At the recent CES 2024, we introduced the promising 'Waste-to-energy' technology that converts common 'problem materials' like sewage sludge, food waste, livestock manure, and plastic waste into hydrogen energy and ‘Plastic-to-Hydrogen’ technology which converts plastic waste to hydrogen energy. Hyundai Motor Company envisions a hydrogen society with an ecosystem of hydrogen production to storage, transportation, etc.

A little girl walks through a landscape full of technical drawings and hydrogen bubbles.

Charge and take charge

We are committed to advancing global electromobility. By 2035, all vehicles sold in Europe will be 100% certified electric, and we are striving for 100% at major markets by 2040. This comprehensive strategy encompasses the adoption of Integrated Modular Architecture (IMA), bolstering electric vehicle manufacturing capabilities, heightening battery proficiency, and establishing value chains across all sectors. In helping to make this all a reality, we are constructing dedicated EV facilities worldwide, like Ulsan in South Korea, Georgia in the US, and other international locations. It's all part of our roadmap to a future with progress for humanity.

A split screen shows a Hyundai Pony in half a retro atmosphere and half a modern one.

Deep dive into ocean conservation with the 'Healthy Seas' project

We are proud to partner with the NGO 'Healthy Seas' and share their vision of protecting the world's oceans and all their rich and vital biodiversity. We have focused on the practical and long-term removal of plastic and fishing debris threatening life and ecosystems and its public awareness. Moreover, we work with volunteer divers to collect abandoned fishing nets, also known as 'ghost nets' from reefs and shipwrecks. Additionally, we run educational programs to teach children the importance of keeping oceans clean and their conservation. We also collaborate with fishermen and communities to prevent fishing nets from ending up in oceans or landfills.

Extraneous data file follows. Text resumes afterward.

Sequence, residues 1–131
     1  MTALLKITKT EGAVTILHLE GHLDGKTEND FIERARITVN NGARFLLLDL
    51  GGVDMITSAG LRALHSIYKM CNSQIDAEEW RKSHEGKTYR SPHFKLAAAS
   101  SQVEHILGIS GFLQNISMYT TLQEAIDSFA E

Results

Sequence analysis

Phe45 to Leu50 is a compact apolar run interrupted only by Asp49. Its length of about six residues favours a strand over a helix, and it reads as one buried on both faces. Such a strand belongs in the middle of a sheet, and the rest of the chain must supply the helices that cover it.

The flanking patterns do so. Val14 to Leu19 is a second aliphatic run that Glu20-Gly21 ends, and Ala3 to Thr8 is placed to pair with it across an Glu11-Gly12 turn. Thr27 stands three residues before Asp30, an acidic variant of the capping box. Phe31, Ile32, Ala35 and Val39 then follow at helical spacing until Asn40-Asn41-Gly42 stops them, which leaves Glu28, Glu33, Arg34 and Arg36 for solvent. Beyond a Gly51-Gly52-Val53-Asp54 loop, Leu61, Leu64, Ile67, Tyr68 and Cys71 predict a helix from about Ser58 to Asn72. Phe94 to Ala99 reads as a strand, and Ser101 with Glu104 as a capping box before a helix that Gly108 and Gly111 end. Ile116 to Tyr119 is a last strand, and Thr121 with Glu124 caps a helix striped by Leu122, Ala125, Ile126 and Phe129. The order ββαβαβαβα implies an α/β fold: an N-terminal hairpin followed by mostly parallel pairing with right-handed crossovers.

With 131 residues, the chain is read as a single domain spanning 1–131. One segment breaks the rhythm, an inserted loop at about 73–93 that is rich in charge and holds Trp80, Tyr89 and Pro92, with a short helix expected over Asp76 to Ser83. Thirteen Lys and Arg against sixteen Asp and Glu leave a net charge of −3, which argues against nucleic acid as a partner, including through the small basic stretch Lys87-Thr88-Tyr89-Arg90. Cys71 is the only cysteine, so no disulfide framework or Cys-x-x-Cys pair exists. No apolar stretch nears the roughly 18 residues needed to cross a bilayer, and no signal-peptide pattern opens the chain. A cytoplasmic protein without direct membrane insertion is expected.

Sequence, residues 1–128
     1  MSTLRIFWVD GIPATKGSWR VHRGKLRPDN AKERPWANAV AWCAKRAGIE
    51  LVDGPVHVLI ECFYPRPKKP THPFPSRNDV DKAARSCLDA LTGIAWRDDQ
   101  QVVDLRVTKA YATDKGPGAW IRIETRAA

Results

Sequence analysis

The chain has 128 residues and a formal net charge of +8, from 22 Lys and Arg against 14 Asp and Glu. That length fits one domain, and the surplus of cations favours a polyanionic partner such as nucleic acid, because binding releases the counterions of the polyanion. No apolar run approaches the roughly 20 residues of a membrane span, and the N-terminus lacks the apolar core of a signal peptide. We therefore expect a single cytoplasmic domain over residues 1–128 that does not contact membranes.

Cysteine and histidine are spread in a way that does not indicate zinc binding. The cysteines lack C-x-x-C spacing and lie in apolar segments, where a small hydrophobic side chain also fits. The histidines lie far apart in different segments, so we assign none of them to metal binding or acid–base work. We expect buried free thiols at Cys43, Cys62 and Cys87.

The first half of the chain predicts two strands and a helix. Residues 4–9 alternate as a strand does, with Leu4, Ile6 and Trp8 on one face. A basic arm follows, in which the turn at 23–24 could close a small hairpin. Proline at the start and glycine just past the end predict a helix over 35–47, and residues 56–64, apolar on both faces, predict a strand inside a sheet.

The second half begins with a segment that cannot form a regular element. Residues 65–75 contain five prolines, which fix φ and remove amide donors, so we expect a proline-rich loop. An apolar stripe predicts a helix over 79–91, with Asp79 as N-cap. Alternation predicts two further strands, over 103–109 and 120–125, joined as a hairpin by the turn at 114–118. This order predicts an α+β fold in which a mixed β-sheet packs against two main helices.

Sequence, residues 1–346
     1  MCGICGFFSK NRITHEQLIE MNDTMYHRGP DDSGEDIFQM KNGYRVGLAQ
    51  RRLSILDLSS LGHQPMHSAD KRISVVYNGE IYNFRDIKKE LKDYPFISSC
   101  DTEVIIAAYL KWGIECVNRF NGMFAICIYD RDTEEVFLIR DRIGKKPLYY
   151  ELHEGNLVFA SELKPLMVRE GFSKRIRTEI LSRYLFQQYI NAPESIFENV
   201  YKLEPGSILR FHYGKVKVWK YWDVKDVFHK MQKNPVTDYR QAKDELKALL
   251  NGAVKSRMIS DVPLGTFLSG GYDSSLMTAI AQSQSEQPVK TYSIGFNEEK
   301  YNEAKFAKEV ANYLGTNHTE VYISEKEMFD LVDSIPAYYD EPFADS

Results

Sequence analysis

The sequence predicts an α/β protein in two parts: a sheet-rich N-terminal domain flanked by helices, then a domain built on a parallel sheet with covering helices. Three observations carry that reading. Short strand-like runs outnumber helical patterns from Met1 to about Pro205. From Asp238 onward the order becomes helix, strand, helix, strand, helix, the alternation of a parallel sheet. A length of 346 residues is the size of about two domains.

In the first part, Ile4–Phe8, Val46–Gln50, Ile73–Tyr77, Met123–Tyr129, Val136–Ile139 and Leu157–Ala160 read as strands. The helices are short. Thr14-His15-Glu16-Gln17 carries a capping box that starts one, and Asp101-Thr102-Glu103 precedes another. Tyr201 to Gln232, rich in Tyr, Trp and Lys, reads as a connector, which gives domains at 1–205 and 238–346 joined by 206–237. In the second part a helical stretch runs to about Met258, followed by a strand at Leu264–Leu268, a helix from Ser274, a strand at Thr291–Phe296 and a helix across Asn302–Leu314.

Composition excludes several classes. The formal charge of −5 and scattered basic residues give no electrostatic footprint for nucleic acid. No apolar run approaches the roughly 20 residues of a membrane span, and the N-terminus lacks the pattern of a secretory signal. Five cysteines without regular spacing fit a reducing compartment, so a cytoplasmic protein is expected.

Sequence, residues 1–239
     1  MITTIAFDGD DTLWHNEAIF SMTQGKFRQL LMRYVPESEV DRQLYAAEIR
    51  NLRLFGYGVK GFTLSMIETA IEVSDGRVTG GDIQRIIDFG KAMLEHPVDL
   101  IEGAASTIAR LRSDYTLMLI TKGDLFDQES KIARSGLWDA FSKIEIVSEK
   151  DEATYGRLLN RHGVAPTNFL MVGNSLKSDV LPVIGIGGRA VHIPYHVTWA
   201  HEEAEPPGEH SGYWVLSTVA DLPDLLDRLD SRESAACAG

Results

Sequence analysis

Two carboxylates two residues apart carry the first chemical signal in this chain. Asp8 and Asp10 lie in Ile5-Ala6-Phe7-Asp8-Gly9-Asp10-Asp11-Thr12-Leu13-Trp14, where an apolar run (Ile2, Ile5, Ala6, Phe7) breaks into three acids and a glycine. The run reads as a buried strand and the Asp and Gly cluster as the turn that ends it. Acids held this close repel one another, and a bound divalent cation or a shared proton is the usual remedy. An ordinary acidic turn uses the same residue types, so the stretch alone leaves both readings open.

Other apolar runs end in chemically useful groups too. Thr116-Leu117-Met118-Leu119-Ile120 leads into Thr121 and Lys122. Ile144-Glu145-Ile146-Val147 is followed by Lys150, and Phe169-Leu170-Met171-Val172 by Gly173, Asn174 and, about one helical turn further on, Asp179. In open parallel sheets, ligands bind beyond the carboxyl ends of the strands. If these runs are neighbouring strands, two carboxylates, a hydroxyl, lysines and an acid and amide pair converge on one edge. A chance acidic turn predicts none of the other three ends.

'Healthy Seas' is a registered charity founded in 2013 to tackle the ghost-fishing phenomenon that causes the needless death of countless marine life.

A group of Healthy Seas divers on a boat heading out to sea.
Members of the Healthy Seas organization display plastic fishing nets they have removed from the ocean.
Healthy Seas Divers removing old fishing nets from a shipwreck.
Two people are hiding behind trees in the IONIQ forest and raising their arms.

Planting hope with the IONIQ Forest

The ocean is not the only place we are trying to keep our obligation to a positive environmental impact. Hyundai is also active on land, planting approximately 400,000 trees in Korea, US, Mexico, Brazil, and India to absorb carbon dioxide and maintain biodiversity.

In the last two years, IONIQ Forest Hongcheon planted 5,000 Korean fir tree saplings, which are an endangered species according to the International Union for Conservation of Nature (IUCN). In 2023, IONIQ Forest Brazil, in collaboration with the College of Agriculture, University of São Paulo, has started operating a research forest near our factory with the aim of developing a methodology for restoring rainforests. We intend to plant around one million trees worldwide by the end of 2024 as part of the IONIQ Forest Project.

Newly planted trees in the IONIQ conservational forest.
Male and female volunteers planting new trees in the IONIQ forest.

Our sincere obligation to a carbon-neutral future

As automakers, we must continually take action to address climate change and foster innovative solutions to combat it. Because the world belongs to all of us, let's make it better for future generations.

Follow @hyundai on Instagram and see how we are powering the future of hydrogen mobility worldwide.